Compulsory vaccination should be used where needed - Yorkshire Post letters

From: Bridget Duncan, Pontefract.

A vaccinators of the Oxford AstraZeneca COVID-19 Vaccine at the medical centre in Bridport, England. (Photo by Finnbarr Webster/Getty Images).

I FIND myself in total agreement with the clear and tightly argued views regarding compulsory vaccination against Covid that Jayne Dowle expressed (The Yorkshire Post, May 20).

Additional weight is added to her already strong arguments, as from the start she recognises that there are some people who are medically unable to have the vaccine.

Sign up to our daily newsletter

The i newsletter cut through the noise

She lays bare, with reasons, her original vaccine hesitancy, and the thinking that has led her to her current viewpoint.

The suggestion (The Yorkshire Post, May 19) of more local ‘lockdowns’ and ‘tiers’, which Ms Dowle rightly describes as punitive, sent a deep cold grip into the core of my being.

We have a national problem and it should be treated as such. Levelling up for the North should mean exactly that. A return to grinding restrictions for areas that already suffer from numerous deprivations, that have already been subject to extremely lengthy periods of restrictions going back to late summer 2020, is just not acceptable.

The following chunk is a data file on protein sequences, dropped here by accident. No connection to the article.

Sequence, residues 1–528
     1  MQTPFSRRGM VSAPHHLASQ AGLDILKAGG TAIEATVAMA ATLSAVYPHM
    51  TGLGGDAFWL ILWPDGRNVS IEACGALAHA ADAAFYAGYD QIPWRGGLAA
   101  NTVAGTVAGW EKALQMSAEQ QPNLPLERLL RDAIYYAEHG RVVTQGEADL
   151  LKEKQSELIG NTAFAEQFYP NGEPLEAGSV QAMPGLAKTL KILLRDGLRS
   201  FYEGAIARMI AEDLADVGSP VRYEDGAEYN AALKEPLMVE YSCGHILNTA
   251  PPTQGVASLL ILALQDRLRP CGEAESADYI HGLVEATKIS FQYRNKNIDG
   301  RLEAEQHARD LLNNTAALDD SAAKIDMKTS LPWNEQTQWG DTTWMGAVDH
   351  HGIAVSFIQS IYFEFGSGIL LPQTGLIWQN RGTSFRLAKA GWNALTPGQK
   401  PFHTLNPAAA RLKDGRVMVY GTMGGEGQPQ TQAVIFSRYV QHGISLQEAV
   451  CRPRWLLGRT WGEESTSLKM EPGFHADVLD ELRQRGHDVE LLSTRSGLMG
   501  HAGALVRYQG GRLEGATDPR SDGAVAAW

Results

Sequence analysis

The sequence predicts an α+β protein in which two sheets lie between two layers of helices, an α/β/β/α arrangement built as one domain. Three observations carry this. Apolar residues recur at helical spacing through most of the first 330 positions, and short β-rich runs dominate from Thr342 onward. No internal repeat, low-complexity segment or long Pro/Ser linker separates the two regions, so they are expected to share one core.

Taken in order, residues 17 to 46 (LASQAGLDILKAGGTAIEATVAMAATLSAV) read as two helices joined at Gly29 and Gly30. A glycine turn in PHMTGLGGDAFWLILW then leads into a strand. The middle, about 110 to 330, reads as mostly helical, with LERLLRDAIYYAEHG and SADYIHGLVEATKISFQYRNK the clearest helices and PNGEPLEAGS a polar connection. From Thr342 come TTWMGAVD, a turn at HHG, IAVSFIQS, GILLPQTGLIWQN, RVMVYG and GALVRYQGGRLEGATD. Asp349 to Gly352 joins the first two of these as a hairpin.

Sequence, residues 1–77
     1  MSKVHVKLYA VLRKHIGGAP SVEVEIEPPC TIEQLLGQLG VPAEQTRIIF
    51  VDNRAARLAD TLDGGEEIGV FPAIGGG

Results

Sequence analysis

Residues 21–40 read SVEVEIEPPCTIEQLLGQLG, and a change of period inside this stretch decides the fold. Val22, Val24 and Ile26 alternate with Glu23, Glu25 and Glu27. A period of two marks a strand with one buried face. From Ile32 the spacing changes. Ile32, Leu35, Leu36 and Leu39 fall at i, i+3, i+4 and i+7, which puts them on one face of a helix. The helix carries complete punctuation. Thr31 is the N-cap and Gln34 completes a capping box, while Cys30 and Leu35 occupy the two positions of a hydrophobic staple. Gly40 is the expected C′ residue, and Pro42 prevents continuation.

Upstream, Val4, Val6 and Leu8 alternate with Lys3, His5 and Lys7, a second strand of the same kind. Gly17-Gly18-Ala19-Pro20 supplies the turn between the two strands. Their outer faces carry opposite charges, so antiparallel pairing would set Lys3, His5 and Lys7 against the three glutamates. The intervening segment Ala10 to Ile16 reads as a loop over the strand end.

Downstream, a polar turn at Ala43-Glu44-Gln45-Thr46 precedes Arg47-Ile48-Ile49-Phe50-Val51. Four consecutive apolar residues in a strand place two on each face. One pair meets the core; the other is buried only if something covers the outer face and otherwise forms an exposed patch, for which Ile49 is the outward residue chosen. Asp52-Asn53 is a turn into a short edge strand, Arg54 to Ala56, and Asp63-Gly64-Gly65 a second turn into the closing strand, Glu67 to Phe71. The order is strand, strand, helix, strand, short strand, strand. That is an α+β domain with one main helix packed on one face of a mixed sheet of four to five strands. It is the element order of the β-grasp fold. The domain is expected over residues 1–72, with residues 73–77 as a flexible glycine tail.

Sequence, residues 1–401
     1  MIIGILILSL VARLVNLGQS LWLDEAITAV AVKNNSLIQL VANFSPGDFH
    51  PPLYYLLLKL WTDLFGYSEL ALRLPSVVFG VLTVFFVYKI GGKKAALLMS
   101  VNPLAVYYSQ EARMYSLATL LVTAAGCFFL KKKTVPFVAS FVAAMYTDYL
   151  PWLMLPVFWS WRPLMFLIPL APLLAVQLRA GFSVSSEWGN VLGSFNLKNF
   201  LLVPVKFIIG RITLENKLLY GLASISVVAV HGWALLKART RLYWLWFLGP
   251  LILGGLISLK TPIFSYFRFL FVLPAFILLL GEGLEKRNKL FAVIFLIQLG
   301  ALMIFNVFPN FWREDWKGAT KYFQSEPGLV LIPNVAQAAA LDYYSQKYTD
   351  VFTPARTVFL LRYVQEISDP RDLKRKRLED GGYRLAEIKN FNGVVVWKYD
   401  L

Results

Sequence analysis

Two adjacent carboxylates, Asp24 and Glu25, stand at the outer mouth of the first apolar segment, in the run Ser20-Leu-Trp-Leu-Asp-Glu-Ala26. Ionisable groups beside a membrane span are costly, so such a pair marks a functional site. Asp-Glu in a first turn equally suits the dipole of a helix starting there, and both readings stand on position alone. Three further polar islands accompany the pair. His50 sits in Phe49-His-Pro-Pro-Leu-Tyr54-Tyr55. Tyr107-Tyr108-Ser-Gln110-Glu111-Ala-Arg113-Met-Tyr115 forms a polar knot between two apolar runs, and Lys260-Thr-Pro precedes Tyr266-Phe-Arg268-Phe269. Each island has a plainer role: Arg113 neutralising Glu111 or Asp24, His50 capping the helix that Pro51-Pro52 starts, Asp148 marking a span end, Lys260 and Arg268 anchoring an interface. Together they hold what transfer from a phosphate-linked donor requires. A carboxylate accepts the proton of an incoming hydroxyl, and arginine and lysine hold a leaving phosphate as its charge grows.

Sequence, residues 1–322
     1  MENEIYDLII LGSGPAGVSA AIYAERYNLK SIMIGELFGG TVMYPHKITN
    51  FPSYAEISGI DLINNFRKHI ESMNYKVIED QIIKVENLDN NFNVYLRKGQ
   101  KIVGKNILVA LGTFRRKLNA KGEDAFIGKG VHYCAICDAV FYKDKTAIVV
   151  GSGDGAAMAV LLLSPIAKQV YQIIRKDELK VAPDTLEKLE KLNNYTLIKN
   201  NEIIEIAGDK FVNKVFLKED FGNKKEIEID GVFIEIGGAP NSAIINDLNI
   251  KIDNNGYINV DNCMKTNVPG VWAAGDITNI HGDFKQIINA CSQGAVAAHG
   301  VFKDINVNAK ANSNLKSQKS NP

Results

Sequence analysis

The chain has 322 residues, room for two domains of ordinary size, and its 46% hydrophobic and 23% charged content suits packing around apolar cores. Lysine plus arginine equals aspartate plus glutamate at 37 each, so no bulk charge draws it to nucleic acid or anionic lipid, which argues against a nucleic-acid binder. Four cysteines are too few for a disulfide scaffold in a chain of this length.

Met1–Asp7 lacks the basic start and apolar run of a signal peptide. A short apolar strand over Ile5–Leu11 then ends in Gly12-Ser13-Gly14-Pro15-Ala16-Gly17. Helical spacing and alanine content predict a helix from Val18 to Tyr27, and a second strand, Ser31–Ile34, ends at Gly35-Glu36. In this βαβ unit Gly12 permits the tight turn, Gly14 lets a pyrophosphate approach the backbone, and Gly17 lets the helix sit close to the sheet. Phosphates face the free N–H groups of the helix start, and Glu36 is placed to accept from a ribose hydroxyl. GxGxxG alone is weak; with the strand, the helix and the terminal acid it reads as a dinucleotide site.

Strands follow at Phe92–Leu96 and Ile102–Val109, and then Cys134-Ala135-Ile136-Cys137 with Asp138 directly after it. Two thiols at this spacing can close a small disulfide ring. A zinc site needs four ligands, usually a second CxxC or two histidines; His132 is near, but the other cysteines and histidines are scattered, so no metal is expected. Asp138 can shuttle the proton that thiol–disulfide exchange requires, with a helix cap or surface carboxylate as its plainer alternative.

Instead, the focus should be on a huge additional input of whatever resources are needed in order to bring the region up (or is it down?) to the lower infection rates now in existence in large swathes of the country.

Ms Dowle expresses deep concern at the potential damage that more lockdowns and ‘tiers’ etc will wreak upon her children’s education and life chances. In the ‘autumn’ of life, physical and mental capacity, and the sands of time, feel to run out increasingly swiftly. For either group, indeed for any age group, more than a year of restrictions have already robbed us of time to live a fulfilling stage of life.

We need to move forward and rebuild better.

In Parliament, Matt Hancock’s frustration was palpable when he said that a number of the patients now seriously ill in hospital in Burnley had been offered the vaccine and had declined it.

I wonder if they and their contacts would still do so? Somehow I rather doubt it. I believe a great number of people will agree with the sentiments expressed in this excellent article.

It should be compulsory reading for all who are charged with the decision making needed to steer the country to the calmer waters of a post-Covid world.

Clearly, vaccination for all, compulsory if necessary, should be employed as the main tool to generate a ‘normal’ or at least a ‘new normal’ life for the whole population.